A heartbreaking example of how history can still preserve a tight grip on the present with Xinran presenting 10 accounts from women who had to give up their daughters. If tradition were not enough then economic circumstances and China’s single-child policy also play their part. The very darkest side of this sacrifice is also revealed, with cases of girl-children minutes old being drowned. It makes for very sober reading but Xinran’s style of utterly involving herself in her narrative, her empathy for her interviewees brings a level of hope for the future.
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Message from an Unknown Chinese Mother is made up of the stories of Chinese mothers whose daughters have been wrenched from them, and also brings us the voices of some adoptive mothers from different parts of the world. These are stories which Xinran could not bring herself to tell previously - because they were too painful and close to home. In the footsteps of Xinran's Good Women of China , this is personal, immediate, full of harrowing, tragic detail but also uplifting, tender moments. Ten chapters, ten women and many stories of heartbreak, including her own: Xinran once again takes us right into the lives of Chinese women - students, successful business women, midwives, peasants, all with memories which have stained their lives. Whether as a consequence of the single-child policy, destructive age-old traditions or hideous economic necessity...these women had to give up their daughters for adoption, others were forced to abandon them - on city streets, outside hospitals, orphanages or on station platforms - and others even had to watch their baby daughters being taken away at birth, and drowned. Here are the 'extra-birth guerrillas' who travel the roads and the railways, evading the system, trying to hold onto more than one baby; naive young student girls who have made life-wrecking mistakes; the 'pebble mother' on the banks of the Yangzte still looking into the depths for her stolen daughter; peasant women rejected by their families because they can't produce a male heir; and finally there is Little Snow, the orphaned baby fostered by Xinran but 'confiscated' by the state. The book sends a heartrending message from their birth mothers to all those Chinese girls who have been adopted overseas (at the end of 2006 there were over 120,000 registered adoptive families for Chinese orphans, almost all girls, in 27 countries), to show them how things really were for their mothers, and to tell them they were loved and will never be forgotten.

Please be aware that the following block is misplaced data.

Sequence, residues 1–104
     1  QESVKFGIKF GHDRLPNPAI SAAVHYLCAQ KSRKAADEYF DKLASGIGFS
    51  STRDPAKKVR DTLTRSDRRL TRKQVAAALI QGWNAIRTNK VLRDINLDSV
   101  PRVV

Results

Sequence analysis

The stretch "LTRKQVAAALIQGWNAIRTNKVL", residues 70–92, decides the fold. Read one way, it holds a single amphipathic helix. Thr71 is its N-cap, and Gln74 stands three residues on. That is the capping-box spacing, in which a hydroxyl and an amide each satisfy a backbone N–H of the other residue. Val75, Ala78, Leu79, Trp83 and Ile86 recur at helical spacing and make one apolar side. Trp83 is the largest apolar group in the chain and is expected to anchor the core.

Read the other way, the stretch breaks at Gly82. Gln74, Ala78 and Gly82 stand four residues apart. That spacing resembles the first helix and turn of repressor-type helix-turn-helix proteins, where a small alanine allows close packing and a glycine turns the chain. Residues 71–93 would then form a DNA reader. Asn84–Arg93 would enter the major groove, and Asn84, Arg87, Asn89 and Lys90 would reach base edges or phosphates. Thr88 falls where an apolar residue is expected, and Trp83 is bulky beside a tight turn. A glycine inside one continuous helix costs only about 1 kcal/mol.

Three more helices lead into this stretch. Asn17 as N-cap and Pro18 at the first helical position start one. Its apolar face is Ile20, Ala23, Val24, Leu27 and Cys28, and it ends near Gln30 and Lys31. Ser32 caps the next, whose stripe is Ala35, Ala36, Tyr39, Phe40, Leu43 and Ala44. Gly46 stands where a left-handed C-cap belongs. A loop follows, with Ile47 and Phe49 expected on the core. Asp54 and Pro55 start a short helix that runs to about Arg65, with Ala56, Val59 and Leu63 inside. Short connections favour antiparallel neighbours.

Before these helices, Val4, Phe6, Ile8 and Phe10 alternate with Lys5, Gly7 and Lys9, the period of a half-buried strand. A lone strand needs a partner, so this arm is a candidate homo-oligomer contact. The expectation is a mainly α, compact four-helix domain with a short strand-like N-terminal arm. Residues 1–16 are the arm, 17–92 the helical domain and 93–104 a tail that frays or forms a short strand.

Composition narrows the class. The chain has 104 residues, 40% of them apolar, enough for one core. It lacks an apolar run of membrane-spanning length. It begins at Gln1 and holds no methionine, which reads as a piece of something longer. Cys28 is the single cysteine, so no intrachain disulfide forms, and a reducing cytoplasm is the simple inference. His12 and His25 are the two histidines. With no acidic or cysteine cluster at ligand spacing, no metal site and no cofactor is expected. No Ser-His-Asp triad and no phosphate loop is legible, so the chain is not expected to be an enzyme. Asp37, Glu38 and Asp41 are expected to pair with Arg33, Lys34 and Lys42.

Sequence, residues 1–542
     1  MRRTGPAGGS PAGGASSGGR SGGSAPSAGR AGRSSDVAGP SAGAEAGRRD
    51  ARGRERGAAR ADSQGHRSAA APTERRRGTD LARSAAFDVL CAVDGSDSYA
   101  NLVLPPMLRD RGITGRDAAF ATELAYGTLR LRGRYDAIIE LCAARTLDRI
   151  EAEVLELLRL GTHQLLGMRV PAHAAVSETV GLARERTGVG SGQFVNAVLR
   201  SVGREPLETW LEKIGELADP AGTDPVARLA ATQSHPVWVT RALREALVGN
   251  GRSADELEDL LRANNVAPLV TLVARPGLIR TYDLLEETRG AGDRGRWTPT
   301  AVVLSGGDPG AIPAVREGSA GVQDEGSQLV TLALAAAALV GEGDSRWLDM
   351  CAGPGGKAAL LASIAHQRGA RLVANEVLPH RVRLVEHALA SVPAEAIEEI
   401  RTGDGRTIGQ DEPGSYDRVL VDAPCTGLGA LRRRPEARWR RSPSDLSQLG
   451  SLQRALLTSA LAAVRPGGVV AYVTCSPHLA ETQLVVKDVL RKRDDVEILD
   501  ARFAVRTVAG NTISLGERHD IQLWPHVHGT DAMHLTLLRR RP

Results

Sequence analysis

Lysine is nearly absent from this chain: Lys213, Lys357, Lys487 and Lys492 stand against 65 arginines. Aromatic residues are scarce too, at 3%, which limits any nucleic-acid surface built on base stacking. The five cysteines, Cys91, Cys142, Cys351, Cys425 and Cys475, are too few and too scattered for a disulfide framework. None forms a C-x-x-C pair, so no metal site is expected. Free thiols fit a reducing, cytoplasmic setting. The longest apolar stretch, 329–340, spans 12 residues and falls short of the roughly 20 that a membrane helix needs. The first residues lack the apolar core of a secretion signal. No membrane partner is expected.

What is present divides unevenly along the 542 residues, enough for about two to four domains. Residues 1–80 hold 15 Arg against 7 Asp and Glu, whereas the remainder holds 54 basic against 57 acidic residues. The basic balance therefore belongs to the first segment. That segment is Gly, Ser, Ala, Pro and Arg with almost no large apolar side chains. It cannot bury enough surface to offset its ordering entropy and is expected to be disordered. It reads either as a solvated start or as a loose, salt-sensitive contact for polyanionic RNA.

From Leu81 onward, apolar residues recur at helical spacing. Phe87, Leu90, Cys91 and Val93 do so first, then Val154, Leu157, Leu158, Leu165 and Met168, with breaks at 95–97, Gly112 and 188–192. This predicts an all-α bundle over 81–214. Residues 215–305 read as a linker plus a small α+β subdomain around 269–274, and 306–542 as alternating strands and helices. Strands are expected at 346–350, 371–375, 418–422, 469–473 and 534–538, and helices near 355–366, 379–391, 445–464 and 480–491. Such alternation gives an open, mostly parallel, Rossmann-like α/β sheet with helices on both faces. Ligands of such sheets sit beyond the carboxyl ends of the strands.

Publication date: 04/02/2010
Publisher: Chatto & Windus an imprint of Vintage
|Publication date:||4th February 2010|
|Publisher:||Chatto & Windus an imprint of Vintage|
Xinran was born in Beijing in 1958. In the late 1980s she began working for Chinese radio and went on to become one of China's most successful journalists. In 1997 she moved to London, where she began work on her seminal book about Chinese women's lives The Good Women of China. She now has a regular column in the Guardian.More About Xinran